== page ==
Gluten-Free Flour Roundup

Living with someone who does not eat gluten, and also being a person who would do depraved things for a cookie, I have a lot of experience cooking and baking with gluten-free alternatives to flour. I have tried almost everything in my baking experiments to get my bread dough to stretch nicely, my cookies to bake evenly, and my cakes to rise tall.

More often than not, I find that a product I’ve had great success with in five trials fails miserably in the sixth. What I have deducted from this is that each type of flour substitute has its strengths and its weaknesses, and is thus best utilized in certain instances. Below are my findings.

DISCLAIMER: Please note that I have not been reimbursed, coerced, or rehearsed in any way to alter my opinions. These are simply my observations. Take them with a grain of salt and just a dash of paprika.


1. Rice Flour

Rice flour is a powder made form finely milled, dehusked rice. I know, I know, you would be floundering without me here to tell you these things. It comes in both brown and white varieties.

Pros: Rice flour has very little taste, so it won’t interfere with flavor. It is also widely available and not overly expensive.

Cons: Rice flour is extremely fine, and therefore results in baked goods with very little structural integrity. It tends to cause cakes to come out so fluffy that they crumble at the slightest breeze. It also has little nutritional value, being mainly starch.

Best for: Things which are meant to be both fluffy and eaten with a fork, like pancakes or angel food cake.


2. Soy Flour

Soy flour is made by roasting soybeans, removing their husks, and grinding them up.

Pros: Soy flour is very high in protein, with ten grams of it per quarter-cup serving.

Cons: Soy flour, in my personal opinion, has a noticeably funky aftertaste of beans.

Best for: Garlic bread, pizza dough, and other dishes that have a strong savory flavor to cover up the taste of the flour.


3. Oat Flour

Oat flour is simply made of pulsed-up oats. In fact, you can make it at home in your food processor.

Pros: Oat flour is extremely versatile. It is full of fiber and protein, and is super easy to digest. It has no flavor whatsoever, and works well in any number of contexts.

Cons: It can sometimes result in a slightly tough product.

Best for: Brownies, bagels, and any other food that benefits from a slight chewiness.


4. Almond Flour

Almond flour consists of finely ground raw blanched almonds. Sometimes, it is referred to as “almond meal,” indicating that the grind is less fine and there are larger chunks of almond present.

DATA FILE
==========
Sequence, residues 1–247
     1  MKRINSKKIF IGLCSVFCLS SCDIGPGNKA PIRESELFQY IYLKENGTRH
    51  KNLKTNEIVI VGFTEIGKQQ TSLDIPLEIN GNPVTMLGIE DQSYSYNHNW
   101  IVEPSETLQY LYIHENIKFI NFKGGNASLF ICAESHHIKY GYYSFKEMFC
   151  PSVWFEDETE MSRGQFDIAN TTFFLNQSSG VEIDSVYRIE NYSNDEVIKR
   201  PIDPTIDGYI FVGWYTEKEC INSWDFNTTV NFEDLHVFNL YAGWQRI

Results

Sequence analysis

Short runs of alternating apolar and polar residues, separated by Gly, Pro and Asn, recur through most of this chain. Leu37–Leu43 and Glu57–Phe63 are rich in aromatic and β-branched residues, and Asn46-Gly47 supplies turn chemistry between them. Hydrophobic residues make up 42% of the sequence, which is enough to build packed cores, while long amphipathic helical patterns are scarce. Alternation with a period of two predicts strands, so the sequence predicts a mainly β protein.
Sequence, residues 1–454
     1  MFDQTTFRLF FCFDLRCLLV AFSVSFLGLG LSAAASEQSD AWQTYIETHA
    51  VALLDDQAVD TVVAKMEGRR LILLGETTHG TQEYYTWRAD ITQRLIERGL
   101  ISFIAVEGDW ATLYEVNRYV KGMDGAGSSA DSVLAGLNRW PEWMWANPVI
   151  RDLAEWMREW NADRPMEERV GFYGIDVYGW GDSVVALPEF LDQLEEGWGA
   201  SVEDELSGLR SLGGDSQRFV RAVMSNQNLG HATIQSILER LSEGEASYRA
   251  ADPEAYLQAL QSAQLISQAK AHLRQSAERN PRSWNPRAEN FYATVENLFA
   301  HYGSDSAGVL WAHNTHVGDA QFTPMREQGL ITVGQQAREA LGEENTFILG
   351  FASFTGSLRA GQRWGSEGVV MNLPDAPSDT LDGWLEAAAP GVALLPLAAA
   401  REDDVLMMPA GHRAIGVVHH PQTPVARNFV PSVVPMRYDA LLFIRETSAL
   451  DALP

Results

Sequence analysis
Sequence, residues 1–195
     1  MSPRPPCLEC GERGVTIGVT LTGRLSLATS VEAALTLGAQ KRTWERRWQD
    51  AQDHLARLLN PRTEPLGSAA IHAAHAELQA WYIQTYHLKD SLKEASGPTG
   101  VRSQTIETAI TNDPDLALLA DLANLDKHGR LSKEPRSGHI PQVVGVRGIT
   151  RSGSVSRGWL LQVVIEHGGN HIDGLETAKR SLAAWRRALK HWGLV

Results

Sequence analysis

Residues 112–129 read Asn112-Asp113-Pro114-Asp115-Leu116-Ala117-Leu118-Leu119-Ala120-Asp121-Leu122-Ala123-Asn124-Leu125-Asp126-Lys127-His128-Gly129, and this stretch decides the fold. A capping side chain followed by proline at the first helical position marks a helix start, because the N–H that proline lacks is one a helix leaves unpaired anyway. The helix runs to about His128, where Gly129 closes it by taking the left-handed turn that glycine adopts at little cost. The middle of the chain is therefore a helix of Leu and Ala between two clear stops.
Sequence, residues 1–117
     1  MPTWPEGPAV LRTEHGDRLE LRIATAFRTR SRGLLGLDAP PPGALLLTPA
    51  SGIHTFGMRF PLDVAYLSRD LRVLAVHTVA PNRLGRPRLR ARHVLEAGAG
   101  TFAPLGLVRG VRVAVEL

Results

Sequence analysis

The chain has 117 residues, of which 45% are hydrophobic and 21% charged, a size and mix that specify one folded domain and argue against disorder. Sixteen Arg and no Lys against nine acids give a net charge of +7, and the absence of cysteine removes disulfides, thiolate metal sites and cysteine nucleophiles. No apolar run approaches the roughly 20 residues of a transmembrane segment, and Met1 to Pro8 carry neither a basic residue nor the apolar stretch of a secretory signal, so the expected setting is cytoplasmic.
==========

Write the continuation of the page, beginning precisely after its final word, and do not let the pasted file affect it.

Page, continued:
Pros: Almond flour has a decent amount of protein and fiber, and it has the pleasantly nutty, aromatic taste of almonds.

Cons: Obviously, almond flour is not allergy friendly. Also, depending on the brand, there may be noticeable chunks of almond floating around, which may or may not be desirable.

Best for: Pies crusts, oatmeal cookies, or other things which can stand up to a bit of grittiness from the almond pieces.

Chickpea soak

5. Chickpea flour

Chickpea flour is simply made of ground-up chickpeas.

Pros: Chickpea flour contains six grams of protein and five grams of fiber per serving. Apparently, you can also use it as a facial exfoliant! Who knew?

Cons: I find that chickpea flour can often result in a slightly dry, crumbly baked good.

Best for: Biscotti, tortillas, or other non-delicate items which won’t suffer from a slight dryness.


6. Sorghum Flour

Sorghum is a type of grass native to the tropic and subtropics. Sorghum flour is sometimes known as sweet sorghum flour, for it is made from the sweeter varieties of the plant.

Pros: Sorghum flour is very low in calories, if you’re into that sort of thing. Despite its “sweet” name, it also contains no sugar and rather a lot of iron.

Cons: While it is not as bad as rice flour, it does tend to result in baked goods that disintegrate somewhat easily.

Best for: Muffins, cakes, and other foods that need to be fluffy and light.

Ears of sweet corn

7. Corn Flour

Corn flour is made from dried corn that has been pulverized. Cornmeal is basically a less ground-up version of corn flour.

Pros: Corn flour is the lowest calorie flour on this list. It results in fairly sturdy baked goods, and has a nice complex flavor. It is also not expensive, since corn is one of the most massive crop industries on the planet.

Cons: Corn flour provides very little in terms of nutrition, and corn farming is doing the planet absolutely no favors.

Best for: Cornbread (obviously!), shortbread, and anything else that embraces a slightly salty, crunchy nature.


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